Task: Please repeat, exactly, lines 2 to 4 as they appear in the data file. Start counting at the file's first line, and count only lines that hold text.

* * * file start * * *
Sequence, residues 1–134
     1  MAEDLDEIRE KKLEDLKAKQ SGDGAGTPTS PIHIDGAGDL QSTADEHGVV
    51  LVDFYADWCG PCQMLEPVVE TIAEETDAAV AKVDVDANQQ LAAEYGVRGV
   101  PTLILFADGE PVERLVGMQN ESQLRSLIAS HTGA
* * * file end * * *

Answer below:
     1  MAEDLDEIRE KKLEDLKAKQ SGDGAGTPTS PIHIDGAGDL QSTADEHGVV
    51  LVDFYADWCG PCQMLEPVVE TIAEETDAAV AKVDVDANQQ LAAEYGVRGV
   101  PTLILFADGE PVERLVGMQN ESQLRSLIAS HTGA